Culture - Discover Sri Lanka with Bruno

Yoga & Meditation

Yoga is a mind and body practice. Various styles of yoga combine physical postures, breathing techniques, and meditation or relaxation.

It is an art and scince of healthy living. The word ‘Yoga’ is derived from the Sanskrit root ‘Yuj’, meaning ‘to join’ or ‘to yoke’ or ‘to unite’. As per Yogic scriptures the practice of Yoga leads to the union of individual consciousness with that of the Universal Consciousness, indicating a perfect harmony between the mind and body, Man & Nature.

There is a variety of practices under the term “Yoga” including Jain and Buddhist practices. In Hinduism Yoga falls into Jnana Yoga, Bhakti Yoga, Karma Yoga, Laya Yoga and Hatha Yoga. The more well-known types of yoga are Hatha Yoga and Raja Yoga.

Ayurveda / Spa

Ayurveda is a unique branch of medicine being an indigenous form of treatment using natural herbs, barks, roots, flowers, buds of medicinal plants and trees. Decoctions, pastes, ointments, applications, oils are made by grinding, boiling and grating parts of medicinal plants according to ancient recipes found recorded in ancient scripts called “ola leaves”. In Sri Lanka the science of Ayurveda is handed down from generation to generation and many patients have experienced incredible cures where western medicine did not produce results particularly for snake bites, skin rashes, gastric, flatulence ailments and orthopedic conditions.

Ayurveda is also native to Sri Lanka. The Sri Lankan Ministry of Health and Indigenous Medicine has set up a Department of Ayurveda and established hospitals in various parts of the country providing all facilities for study and qualification in this ancient branch of medicine.


This sacred city was established around a cutting from the 'tree of enlightenment', the Buddha's fig tree, brought there in the 3rd century B.C. by Sanghamitta, the founder of an order of Buddhist nuns. Anuradhapura, a Ceylonese political and religious capital that flourished for 1,300 years, was abandoned after an invasion in 993. Hidden away in dense jungle for many years, the splendid site, with its palaces, monasteries and monuments, is now accessible once again.

The city, now a World Heritage Site, was the centre of Theravada Buddhism for many centuries. The city lies 205 km (127 mi) north of the current capital of Colombo in the North Central Province, on the banks of the historic Malvathu River. It is one of the oldest continuously inhabited cities in the world and one of the eight World Heritage Sites of Sri Lanka.

Among the sights of Anuradhapura, the sacred Bo Tree is one of the most sacred relics in Sri Lanka and is the most revered site for pilgrimages of Buddhists. It is one of the oldest trees in the world which has been tended devotedly for 23 centuries. The Sri Maha Bodhi as it is known was grown from a sapling of the original Bo Tree of Bodhagaya in India under which the Buddha attained enlightenment. This sapling was brought to Sri Lanka around 245 BC by Sanghamitta Theri.


One of the lesser known areas in Sri Lanka, Dambana is a quiet village located in the scenic Badulla district. Most proximate to the city of Mahiyangana, it draws its significance from the fact that it is home to the indigenous Vedda community and their accompanying language and culture. The area is also known for its promising eco-tourism prospects, given that Dambana is predominantly a jungle village. Tourists visiting the area can immerse themselves into the lifestyle and activities of the Vedda people, who engage with visitors who venture into the confines of their fiercely guarded way of life.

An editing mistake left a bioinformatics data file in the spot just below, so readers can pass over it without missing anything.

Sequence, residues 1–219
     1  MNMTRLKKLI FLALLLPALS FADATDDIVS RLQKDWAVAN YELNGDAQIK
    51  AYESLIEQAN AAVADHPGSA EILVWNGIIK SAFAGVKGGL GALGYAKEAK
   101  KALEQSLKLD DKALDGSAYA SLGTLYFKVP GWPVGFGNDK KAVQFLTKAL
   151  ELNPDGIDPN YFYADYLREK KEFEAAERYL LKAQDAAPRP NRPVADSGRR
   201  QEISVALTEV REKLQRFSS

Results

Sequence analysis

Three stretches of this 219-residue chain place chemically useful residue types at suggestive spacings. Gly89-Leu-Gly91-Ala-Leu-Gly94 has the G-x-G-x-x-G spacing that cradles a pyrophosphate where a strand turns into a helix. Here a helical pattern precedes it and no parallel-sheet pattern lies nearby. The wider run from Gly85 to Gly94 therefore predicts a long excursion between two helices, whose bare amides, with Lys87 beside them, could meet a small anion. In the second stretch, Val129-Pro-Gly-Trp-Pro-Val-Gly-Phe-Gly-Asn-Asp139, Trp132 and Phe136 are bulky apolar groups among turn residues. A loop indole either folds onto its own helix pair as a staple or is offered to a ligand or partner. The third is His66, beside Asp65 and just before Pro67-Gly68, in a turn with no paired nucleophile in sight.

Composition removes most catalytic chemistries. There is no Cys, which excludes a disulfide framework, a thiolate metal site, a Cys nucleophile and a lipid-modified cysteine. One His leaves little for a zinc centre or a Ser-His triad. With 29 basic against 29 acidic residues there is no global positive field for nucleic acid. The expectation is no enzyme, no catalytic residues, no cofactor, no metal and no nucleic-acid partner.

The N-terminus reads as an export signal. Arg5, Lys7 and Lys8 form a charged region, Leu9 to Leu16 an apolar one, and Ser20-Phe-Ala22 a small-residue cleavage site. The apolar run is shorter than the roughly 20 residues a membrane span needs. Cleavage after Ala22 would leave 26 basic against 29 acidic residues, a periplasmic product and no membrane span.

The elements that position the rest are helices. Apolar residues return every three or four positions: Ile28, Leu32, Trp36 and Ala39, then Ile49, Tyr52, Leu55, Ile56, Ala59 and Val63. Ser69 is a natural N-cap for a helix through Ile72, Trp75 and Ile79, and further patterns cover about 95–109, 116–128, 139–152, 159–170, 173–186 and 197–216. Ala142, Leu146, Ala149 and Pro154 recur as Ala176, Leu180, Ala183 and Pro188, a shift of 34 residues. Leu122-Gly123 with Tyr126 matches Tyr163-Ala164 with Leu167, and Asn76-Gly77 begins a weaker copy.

Located about 300 km from Colombo, Dambana Sri Lanka is a remote jungle village of indigenous people. Since of late, the Veddah population is confined to a reserve in the district of Monaragala and consists of only about 350 families - a number significantly reduced from a once thriving community. The dominant culture has influenced their way of life, and they risk losing the traditions and what has been their livelihood for centuries. However, they remain determined that their heritage will continue into future generations.


A sacred pilgrimage site for 22 centuries, this cave monastery, with its five sanctuaries, is the largest, best-preserved cave-temple complex in Sri Lanka. The Buddhist mural paintings (covering an area of 2,100 m2 ) are of particular importance, as are the 157 statues.

The shortest way, from Colombo to Dambulla lies via Kurunegala, one of the capitals of the medieval Sinhalese kings. The other rock temple of equal fame, Aluvihare, where, according to tradition, the Buddhist scriptures were first committed to writing about The first century B.C., list about twenty-six miles to the south on the Kandy Dambulla road. And the famous fortress of Sigiriya with its beautiful frescoes rises aloft like a gigantic cylinder at a distance of about twelve miles to the north-east of Dambulla.


Sri Lanka’s second most ancient kingdom, Polonnaruwa, became the capital of Sri Lanka following the destruction of Anuradhapura in 993 AD. Built by King Parakramabahu I, this urban green city has seen numerous civilisations journeying through this kingdom including the Cholas, South Indian Hindu and Buddhist Sinhalese, between the 12th and 13th centuries.

An impressive collection of ruins forms the sacred quadrangle and in the middle is the vatadage (ancient structure) with four entrances leading to the place where the Sacred Tooth Relic was once housed. Explore the large stupa (hemispherical structure containing relics) Rankot Vihara and the monks’ quarters.

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